- CNBC screened all S&P 500 companies looking for the stocks with the highest percentage of buy ratings.
- Amazon is the most loved stock on Wall Street, with 47 of the 48 analysts that cover the company recommend buying the e-commerce giant.
- Payment processors Visa and Mastercard are also on the top-rated list. Both companies have ended the last eight years in positive territory, with most years accounting for double digit gains in the stocks.
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The Dow, S&P 500 and Nasdaq all hit all time record-highs this week and if investors are looking at what to own from here, the following stocks are the consensus favorites on Wall Street.
E-commerce giant Amazon is the most loved stock on Wall Street based on highest percentage of buy ratings. All but one of the 48 analysts covering the stock recommending buying into the Jeff Bezos-led company.
CNBC used FactSet to screen all S&P 500 companies looking for the stocks with the highest percentage of buy ratings compared with total ratings. We threw out companies that had less than 10 analysts covering them. Buy ratings, in this case, include overweight ratings.
It may not come as a shock that Amazon, the fourth-most valuable company in the world, is the most highly recommended stock on the Street. Over 50% of U.S. households have an Amazon Prime membership, according to UBS. The adoption of 1-Day shipping and international prime membership has helped boost the stock that is already up more than 1300% in the past decade.
Amazon's 1-Day shipping "raises the bar in e- commerce yet again & accelerates the top line," said J.P. Morgan analyst Doug Anmuth in a note to clients.
Amazon plays a large roll in the success of many other, smaller companies as well. Cosmetic company Coty surged 14% on Wednesday after reporting strong earnings, citing strong growth of its brand on Amazon.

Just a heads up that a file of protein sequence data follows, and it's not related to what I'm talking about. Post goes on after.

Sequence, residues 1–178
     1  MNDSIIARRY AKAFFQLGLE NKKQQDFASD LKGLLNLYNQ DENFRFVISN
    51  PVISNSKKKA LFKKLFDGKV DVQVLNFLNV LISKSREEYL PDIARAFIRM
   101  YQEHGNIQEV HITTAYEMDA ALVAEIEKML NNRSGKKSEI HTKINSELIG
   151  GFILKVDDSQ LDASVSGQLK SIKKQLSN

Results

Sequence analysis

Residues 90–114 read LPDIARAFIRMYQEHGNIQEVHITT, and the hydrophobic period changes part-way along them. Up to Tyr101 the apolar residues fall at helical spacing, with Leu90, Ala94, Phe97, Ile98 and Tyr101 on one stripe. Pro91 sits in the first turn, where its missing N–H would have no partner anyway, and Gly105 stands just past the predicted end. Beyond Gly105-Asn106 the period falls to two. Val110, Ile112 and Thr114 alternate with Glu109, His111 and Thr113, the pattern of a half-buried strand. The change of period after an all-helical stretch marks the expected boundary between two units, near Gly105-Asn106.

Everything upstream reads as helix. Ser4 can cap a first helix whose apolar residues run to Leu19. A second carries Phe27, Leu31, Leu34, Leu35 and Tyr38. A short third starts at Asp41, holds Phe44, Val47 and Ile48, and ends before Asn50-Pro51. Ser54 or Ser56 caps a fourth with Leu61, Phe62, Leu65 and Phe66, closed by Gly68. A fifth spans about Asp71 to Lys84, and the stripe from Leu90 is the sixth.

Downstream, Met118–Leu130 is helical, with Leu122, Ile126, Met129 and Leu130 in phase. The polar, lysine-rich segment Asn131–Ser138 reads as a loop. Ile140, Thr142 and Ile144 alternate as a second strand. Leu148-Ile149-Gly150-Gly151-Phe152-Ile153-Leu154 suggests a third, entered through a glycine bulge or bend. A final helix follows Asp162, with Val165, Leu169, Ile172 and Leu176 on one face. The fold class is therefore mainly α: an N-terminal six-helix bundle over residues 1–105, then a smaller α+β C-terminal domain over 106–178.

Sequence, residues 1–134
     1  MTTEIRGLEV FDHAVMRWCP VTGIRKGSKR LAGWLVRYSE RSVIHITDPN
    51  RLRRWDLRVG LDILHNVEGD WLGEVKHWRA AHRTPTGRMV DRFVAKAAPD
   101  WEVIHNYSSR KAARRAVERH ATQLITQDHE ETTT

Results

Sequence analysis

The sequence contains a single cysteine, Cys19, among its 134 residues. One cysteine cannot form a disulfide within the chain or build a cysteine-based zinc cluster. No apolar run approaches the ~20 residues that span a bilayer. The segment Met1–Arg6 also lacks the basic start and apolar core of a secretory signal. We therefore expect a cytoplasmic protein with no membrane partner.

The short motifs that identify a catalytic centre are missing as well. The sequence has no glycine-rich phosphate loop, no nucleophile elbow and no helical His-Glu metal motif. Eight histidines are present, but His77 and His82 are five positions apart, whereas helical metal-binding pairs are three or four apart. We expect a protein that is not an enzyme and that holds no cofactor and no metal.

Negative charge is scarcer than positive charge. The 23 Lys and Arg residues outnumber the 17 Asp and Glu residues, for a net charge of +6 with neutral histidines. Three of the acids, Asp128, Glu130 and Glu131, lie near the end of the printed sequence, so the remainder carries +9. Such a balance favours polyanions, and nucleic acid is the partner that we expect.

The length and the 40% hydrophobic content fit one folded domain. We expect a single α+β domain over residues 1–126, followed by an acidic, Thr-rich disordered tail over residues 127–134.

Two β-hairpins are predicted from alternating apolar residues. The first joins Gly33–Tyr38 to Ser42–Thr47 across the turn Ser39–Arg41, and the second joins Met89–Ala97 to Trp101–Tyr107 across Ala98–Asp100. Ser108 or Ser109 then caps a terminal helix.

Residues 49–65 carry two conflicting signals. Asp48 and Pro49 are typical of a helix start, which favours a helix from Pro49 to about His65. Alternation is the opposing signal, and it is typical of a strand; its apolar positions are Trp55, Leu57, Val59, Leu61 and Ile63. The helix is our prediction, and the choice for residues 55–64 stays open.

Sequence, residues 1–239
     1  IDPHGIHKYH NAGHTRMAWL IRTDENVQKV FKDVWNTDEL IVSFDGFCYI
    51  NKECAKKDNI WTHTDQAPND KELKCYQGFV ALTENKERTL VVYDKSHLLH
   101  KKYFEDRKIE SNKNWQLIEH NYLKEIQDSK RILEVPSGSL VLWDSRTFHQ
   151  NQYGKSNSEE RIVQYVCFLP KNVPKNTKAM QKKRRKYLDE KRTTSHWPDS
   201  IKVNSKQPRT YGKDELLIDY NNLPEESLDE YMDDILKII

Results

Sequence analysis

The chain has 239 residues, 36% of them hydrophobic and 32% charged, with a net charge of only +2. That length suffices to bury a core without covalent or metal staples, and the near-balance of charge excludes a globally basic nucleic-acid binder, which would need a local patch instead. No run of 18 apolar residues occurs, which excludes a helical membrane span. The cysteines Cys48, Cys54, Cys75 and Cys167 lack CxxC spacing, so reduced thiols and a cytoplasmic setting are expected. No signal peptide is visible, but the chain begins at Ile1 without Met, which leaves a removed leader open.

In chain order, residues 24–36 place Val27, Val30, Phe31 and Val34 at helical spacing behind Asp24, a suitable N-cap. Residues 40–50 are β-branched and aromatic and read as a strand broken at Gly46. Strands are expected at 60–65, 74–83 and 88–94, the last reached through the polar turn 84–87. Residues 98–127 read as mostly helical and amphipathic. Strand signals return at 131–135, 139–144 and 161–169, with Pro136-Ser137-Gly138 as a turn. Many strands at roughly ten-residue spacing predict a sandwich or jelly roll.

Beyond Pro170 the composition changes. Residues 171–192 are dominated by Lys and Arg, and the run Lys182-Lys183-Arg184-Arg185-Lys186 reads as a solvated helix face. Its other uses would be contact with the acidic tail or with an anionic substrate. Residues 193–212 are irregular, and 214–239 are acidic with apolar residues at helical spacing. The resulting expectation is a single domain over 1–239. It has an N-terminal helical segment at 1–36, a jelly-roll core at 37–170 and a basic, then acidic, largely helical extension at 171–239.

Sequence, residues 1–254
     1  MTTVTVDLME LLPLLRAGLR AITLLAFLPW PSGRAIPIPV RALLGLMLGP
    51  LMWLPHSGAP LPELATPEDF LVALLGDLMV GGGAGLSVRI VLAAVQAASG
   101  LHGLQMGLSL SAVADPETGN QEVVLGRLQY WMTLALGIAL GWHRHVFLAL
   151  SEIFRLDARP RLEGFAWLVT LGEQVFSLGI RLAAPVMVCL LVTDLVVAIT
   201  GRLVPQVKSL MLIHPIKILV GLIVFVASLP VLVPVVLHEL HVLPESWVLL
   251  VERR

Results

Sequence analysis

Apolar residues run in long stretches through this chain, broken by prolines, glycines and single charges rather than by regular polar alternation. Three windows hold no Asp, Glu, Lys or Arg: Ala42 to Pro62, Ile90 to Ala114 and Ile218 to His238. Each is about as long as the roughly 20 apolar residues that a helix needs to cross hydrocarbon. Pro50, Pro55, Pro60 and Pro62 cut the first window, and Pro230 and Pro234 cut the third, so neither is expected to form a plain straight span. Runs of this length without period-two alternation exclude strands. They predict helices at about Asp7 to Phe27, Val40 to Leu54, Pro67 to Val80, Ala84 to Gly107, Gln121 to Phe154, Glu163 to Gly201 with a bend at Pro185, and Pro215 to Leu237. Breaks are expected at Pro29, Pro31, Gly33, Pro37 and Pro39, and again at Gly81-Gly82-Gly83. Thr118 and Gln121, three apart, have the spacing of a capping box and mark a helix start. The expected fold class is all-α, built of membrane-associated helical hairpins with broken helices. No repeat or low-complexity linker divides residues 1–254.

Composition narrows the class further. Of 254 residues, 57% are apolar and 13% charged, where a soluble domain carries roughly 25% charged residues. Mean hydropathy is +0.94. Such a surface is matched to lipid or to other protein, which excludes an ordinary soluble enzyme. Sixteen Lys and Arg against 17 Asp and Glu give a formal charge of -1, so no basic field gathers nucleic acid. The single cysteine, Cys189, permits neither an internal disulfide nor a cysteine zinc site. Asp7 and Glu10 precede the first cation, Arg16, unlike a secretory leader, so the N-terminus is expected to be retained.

Wall Street-adored stocks Visa and Mastercard are the world's first and second largest payments processors, respectively. Visa, which has a market value of about $386 billion, and MasterCard, which has a market value of about $279 billion, have both ended the last eight years in positive territory, with most years accounting for double digit gains in the stocks.
This is despite newer payment players like PayPal, Apple Pay, Chime and Cash App entering the space.
"Visa has so far pursued an effective digital wallet strategy –countering some of the threats and actively taking advantage of the opportunities offered by these new entrants," said MoffettNathanson analyst Lisa Ellis.
Some of the payment companies' decade long success can be attributed to the health of the U.S. economy, currently in its longest expansion in history. A robust economy encourages customers to spend more, boosting fee income for MasterCard and and Visa. Visa is up nearly 35% this year and Mastercard has rallied more than 40% since January.
Facebook's stock is up nearly 50% since January.
Most recently, Facebook was under fire for its decision to keep accepting political ads, after Twitter said it would stop running political ads. Facebook said its decision was consistent with its view on free speech.
"We remain optimistic on ongoing user and usage growth, which continues despite difficult press," said Bank of American Merrill Lynch analyst Justin Post in a note to clients.
—with reporting from CNBC's Michael Bloom.